The Running Angel

Just because I don't have wings, doesn't mean I can't fly.

Starting Over

The other day, I was updating the list of races I’ve joined and I realized it’s been more than two years since my last half-marathon. As I looked through my old race bibs (yes, I’m sentimental like that) and photos of past runs, I began to miss the days when I was a more active runner. I think running is a lot like being in love. From late 2008 to early 2010, I was caught up in the romance of it all. I was so passionate about the sport and signed up for race after race. But after about two years of being on a high, other things demanded my time and attention and running took a backseat. I was so comfortable in my relationship with running that I failed to make time for it and it slipped down my list of priorities.

Now, running seems to be nudging me, beckoning me to come back. “Remember how much fun we used to have,” running says. “Let’s rekindle our relationship.”

And what better way to ignite my passion than by training for another half-marathon? I haven’t picked a race just yet (though I’m looking at one in January or February 2013), but I’ve decided to start training again next week. And just as I did before my first half-marathon, I’m once again turning to Runner’s World for a proper training plan.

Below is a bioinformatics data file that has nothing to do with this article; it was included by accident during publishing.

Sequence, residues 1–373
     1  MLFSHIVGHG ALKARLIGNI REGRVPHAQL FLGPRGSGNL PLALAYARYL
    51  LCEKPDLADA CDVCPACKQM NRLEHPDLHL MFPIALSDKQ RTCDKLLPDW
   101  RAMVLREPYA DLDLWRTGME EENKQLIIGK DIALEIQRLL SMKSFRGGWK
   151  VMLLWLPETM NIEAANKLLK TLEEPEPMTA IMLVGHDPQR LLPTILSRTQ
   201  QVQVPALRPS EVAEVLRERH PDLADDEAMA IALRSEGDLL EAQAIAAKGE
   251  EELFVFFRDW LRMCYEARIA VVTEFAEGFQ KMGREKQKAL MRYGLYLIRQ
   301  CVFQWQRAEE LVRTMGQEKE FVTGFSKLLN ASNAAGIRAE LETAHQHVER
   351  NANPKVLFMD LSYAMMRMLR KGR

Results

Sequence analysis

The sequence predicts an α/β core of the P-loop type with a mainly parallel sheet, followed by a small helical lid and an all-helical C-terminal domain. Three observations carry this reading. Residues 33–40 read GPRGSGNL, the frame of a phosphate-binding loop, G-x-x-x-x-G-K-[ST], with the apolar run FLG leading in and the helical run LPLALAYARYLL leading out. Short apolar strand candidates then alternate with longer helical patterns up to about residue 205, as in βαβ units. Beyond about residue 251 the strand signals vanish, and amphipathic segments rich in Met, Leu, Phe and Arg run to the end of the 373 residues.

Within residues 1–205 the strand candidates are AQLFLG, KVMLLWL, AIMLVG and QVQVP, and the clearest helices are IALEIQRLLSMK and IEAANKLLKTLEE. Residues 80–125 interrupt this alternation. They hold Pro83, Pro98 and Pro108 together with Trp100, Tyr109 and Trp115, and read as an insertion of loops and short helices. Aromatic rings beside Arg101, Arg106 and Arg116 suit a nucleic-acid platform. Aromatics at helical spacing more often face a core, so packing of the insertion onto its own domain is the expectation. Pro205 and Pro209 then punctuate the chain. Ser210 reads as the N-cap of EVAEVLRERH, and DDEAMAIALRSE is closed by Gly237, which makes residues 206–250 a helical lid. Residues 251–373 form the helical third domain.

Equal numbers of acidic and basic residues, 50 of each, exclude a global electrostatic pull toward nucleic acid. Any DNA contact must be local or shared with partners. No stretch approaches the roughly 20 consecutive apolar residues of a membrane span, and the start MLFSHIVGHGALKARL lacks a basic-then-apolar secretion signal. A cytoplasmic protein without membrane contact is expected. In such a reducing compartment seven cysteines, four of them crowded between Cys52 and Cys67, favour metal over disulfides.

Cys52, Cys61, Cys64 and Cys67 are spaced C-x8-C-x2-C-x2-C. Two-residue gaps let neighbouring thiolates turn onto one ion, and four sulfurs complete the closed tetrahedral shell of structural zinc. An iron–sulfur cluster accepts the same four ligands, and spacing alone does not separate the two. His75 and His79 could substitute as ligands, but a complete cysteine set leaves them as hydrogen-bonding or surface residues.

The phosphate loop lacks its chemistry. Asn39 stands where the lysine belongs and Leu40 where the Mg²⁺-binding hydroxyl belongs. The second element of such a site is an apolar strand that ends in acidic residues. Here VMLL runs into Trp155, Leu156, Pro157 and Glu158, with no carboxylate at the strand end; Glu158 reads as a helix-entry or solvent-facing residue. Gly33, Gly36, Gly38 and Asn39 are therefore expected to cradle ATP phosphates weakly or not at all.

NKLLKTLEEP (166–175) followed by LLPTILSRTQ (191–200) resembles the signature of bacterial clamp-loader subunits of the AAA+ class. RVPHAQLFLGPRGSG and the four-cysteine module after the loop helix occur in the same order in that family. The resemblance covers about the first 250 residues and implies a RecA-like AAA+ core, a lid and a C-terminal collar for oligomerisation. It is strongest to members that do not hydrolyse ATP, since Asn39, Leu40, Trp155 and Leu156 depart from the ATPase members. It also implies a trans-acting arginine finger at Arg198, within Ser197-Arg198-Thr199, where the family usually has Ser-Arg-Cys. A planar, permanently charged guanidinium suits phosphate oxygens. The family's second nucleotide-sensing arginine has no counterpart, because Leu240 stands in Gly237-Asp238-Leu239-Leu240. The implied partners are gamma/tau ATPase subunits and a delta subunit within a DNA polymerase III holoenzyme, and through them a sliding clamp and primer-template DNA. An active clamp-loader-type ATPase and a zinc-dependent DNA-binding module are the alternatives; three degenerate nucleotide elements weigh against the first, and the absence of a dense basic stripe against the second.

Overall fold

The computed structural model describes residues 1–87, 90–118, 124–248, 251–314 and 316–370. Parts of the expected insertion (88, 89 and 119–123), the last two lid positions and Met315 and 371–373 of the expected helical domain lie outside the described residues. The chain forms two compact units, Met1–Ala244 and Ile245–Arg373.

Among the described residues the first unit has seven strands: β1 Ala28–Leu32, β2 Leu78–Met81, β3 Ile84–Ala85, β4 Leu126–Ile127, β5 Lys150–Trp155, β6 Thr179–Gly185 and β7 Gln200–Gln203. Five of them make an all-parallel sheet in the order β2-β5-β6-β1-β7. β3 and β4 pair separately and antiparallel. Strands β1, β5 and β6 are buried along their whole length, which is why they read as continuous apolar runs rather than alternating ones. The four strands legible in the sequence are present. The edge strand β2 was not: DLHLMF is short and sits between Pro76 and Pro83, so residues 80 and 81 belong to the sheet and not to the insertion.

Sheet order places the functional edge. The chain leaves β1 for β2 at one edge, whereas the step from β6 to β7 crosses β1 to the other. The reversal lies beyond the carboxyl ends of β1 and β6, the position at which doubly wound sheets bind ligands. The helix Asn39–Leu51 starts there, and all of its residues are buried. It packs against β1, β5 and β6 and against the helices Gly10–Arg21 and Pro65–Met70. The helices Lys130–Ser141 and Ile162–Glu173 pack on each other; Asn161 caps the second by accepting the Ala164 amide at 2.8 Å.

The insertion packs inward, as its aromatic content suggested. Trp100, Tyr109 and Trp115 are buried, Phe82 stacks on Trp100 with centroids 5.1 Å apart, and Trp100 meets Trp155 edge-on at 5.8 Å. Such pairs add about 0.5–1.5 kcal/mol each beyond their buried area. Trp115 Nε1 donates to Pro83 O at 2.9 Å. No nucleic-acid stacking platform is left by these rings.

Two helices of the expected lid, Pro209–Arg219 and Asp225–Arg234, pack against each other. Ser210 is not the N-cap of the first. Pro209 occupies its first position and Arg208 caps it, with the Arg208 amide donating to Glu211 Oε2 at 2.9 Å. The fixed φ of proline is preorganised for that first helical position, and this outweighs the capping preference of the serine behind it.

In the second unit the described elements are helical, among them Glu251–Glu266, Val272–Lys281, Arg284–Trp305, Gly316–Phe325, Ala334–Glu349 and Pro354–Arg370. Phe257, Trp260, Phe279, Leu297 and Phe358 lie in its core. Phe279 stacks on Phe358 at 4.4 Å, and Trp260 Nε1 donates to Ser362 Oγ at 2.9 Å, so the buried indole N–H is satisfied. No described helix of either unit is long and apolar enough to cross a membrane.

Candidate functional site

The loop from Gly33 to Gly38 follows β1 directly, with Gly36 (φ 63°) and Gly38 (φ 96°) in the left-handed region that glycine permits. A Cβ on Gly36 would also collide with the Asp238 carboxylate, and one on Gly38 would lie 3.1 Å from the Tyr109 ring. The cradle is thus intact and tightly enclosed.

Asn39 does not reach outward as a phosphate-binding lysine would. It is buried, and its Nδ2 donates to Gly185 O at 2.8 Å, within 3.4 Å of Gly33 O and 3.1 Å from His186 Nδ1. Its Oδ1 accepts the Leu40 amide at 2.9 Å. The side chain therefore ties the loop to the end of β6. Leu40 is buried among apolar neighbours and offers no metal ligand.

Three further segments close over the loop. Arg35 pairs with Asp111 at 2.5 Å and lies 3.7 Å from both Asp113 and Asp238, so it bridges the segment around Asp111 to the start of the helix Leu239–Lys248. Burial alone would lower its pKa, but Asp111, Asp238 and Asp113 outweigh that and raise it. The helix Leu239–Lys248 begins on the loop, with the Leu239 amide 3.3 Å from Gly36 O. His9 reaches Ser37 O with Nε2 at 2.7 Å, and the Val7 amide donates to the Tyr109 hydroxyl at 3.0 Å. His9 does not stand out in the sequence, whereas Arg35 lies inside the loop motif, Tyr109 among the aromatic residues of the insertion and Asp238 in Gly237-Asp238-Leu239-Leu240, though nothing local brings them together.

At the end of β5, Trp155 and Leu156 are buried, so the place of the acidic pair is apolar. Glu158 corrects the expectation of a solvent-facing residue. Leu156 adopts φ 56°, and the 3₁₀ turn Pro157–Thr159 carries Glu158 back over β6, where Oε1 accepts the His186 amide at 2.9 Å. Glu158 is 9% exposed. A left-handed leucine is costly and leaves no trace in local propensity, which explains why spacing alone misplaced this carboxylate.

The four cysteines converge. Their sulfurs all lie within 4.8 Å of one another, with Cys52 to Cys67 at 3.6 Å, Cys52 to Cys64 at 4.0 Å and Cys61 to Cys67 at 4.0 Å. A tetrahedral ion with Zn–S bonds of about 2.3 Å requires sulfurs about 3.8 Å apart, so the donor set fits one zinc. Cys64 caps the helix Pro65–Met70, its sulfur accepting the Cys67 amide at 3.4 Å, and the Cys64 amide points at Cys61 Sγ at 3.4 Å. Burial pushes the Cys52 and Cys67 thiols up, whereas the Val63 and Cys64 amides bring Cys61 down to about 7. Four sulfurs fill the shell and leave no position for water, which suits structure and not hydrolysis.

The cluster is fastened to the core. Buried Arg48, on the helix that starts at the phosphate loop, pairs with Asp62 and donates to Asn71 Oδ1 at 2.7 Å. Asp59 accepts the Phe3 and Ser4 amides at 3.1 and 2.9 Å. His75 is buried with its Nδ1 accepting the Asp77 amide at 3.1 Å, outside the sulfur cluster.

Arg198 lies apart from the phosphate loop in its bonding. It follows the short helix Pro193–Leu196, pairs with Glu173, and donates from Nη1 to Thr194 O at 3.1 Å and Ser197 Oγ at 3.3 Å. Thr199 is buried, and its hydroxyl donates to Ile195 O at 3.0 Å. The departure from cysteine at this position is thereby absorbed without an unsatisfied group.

I hope to write more about my training in the coming weeks, but for now, a quick trip down memory lane of my past 20 to 22-K races.

All smiles after my first half-marathon in Singapore. December 7, 2008.

Running on the Skyway at the Condura half-marathon. March 22, 2009.

Trudging through miles of lahar at the TNF100 in Sacobia. May 24, 2009.

Breathing in the fresh scent of pine trees at the TNF100 in Baguio. April 25, 2010.

A pint of Häagen-Dazs ice cream after the Nature Valley half-marathon. Best post-race reward ever! May 30, 2010.